Updated 19th February 2002, see link to US conversions serial numbers below

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SHERMAN M4 AND M4A3 17 POUNDER IN US SERVICE. NEW INFORMATION.

This document contains an evaluation of the information contained in documents provided by Steve Zaloga concerning the development, production and use of the batch of Sherman Fireflies allocated to US Forces in the European Theatre of Operations (ETO) 1944-45. The author graciously acknowledges the US National Archives (USNA) and Mr Zaloga for unearthing this vital new information.

 

  1. This new information confirms information found in the UK Public Record Office (PRO) on the US programme. The confirmed facts are:

    The new information provides the following startling facts:

"Remove radio and radio mounting base and relocate (on half inch spacer) in armoured box on the rear of the turret. Armoured box should be 2 and a half inch longer and 3/4 inch wider than the box currently employed. A 2 inch increase in the length of the box should be obtained by decreasing the thickness of the end plates of the box from 2 inch to 1 inch. The front top mounting strip of the box should be narrowed half an inch and the bottom edge bevelled approximately one half of the thickness of the plate. Two handles should be provided on the top plate."

Note that this document seems to be British as it is written in "UK English", rather than "American English". The classification stamp also seems "British" rather than American. I can not prove this, but it seems likely based on the style and spellings used in the documents I have examined at the PRO and from elsewhere. If so the detail that runs to four typed pages may be the first full description of the process needed to convert a Sherman into a Firefly. The document confirms that water protected ammunition hulled M4A3's were to be used. It is a very significant find.

One document states (Inter-Office Memo from AFV&W Section, HQ ETOUSA to Chief AFV&W Section, dated 11th March 1945):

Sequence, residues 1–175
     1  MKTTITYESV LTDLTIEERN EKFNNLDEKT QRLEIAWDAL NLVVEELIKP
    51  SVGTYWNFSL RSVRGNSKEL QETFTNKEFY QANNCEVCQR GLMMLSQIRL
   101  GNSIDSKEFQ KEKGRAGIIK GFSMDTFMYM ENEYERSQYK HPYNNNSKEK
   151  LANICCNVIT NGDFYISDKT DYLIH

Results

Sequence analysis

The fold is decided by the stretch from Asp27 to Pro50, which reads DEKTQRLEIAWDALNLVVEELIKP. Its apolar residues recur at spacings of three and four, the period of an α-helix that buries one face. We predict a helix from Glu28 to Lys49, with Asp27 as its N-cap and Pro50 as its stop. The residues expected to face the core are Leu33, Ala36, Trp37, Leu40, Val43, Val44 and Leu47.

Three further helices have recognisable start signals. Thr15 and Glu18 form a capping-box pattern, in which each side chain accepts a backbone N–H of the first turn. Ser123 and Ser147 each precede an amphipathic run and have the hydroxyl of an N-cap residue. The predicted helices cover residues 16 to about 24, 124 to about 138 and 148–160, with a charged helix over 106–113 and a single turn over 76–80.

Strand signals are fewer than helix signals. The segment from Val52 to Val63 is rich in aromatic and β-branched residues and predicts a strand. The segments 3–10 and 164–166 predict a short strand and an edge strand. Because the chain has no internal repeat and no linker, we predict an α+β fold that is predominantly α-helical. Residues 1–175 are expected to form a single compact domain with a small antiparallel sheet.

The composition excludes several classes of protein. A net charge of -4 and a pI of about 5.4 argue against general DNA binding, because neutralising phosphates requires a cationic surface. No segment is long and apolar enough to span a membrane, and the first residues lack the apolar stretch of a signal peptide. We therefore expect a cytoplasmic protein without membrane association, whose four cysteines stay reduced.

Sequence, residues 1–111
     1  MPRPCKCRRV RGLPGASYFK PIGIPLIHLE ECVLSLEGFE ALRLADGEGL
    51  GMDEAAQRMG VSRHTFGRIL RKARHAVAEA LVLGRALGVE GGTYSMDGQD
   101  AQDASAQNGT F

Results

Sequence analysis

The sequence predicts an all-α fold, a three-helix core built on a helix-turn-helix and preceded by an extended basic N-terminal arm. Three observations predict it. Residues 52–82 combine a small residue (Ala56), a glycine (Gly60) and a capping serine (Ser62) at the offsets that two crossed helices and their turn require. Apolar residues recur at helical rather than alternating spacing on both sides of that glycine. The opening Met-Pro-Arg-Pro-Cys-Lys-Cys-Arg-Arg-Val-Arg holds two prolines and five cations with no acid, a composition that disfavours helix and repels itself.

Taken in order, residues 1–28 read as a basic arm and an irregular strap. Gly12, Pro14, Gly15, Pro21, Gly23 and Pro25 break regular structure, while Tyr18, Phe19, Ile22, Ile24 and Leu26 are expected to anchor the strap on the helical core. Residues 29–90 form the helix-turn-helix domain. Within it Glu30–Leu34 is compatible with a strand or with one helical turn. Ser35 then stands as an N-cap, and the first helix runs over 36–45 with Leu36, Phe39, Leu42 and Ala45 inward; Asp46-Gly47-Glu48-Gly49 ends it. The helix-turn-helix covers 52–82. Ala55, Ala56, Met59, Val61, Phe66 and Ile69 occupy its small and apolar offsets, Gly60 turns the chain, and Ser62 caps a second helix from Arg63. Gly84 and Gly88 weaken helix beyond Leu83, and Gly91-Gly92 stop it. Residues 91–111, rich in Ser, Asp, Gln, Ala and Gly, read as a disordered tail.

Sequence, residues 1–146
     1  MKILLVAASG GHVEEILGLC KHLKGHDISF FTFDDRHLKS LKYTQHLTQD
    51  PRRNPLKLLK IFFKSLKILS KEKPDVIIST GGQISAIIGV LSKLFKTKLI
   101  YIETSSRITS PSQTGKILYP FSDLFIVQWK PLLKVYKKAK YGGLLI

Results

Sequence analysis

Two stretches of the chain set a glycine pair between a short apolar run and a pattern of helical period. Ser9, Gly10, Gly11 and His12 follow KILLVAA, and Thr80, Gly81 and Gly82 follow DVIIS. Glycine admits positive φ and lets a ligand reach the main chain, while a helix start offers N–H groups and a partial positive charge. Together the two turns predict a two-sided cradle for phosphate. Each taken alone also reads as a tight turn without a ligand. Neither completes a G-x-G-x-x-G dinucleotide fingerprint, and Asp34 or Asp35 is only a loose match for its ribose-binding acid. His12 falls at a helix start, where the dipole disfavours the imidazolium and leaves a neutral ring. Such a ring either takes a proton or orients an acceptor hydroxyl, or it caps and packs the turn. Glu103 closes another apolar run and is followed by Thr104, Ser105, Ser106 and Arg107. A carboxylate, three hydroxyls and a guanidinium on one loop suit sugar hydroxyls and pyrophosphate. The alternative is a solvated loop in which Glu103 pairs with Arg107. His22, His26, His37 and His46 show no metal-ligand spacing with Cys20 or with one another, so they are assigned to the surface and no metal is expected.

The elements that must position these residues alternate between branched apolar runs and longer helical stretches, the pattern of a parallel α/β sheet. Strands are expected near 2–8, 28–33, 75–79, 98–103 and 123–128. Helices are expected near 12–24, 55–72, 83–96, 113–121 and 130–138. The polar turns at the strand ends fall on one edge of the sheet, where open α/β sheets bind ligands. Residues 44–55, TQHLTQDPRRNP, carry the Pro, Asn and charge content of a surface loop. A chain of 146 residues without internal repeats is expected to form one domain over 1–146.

"The British had never converted a 75mm gun tank with water protected ammunition stowage. The are very pleased with the prospect of converting these tanks. It is estimated a wet tank can be converted in 20-30 percent less man hours than the earlier model tank. This type of tank also provides a superior 17-pdr tank for US troops since complete stowage bins are provided in the sponsons for American equipment.

A series of three tables listing the US conversions, by production number, then by serial, then by shipping date. Version 1, to be checked and updated.

 

  1. What does the new information not reveal:

    Modelling US Fireflies.

This new information opens up some new possibilities from available kits:

  • M4A3 wet stowage HVS. This can be made using a Dragon M4A3 HVS model or with a conversion set and a Tamiya or Italeri hull.
  • For all of the above the rectangular top deck tool stowage bin developed for the Sherman IC conversion can be used, but the rear plate blanket bin (the greatcoat bin shown in the Tank Museum stowage diagrams?) was not to be used on the US conversions. That said, in the only photo the bins do not appear to have been fitted. In fact I have only seen one or two photos with the greatcoat bin visible. For details see Phil Dyers 2001 article in Military Modelling on the Dragon ICH. The conversion will be a little easier than British ones as the US vehicles do not need the British rear deck fire extinguishers. The small increase in the radio box is not really noticeable, given the tolerances most modellers work to (me included!), but some suggestion can be given by revising the joins of the boxes plates and adding the two handles to the lid (these may have appeared on some British versions). From the single photo some vehicles had the late US commanders cupola for another variation.

    1. This means that much of the book will have to be rewritten in detail, but the above provides the basics of the new information. As time allows I will type up the material along with the appropriate quotes so that readers do not have to take my word for the above statements and this will appear on the web site.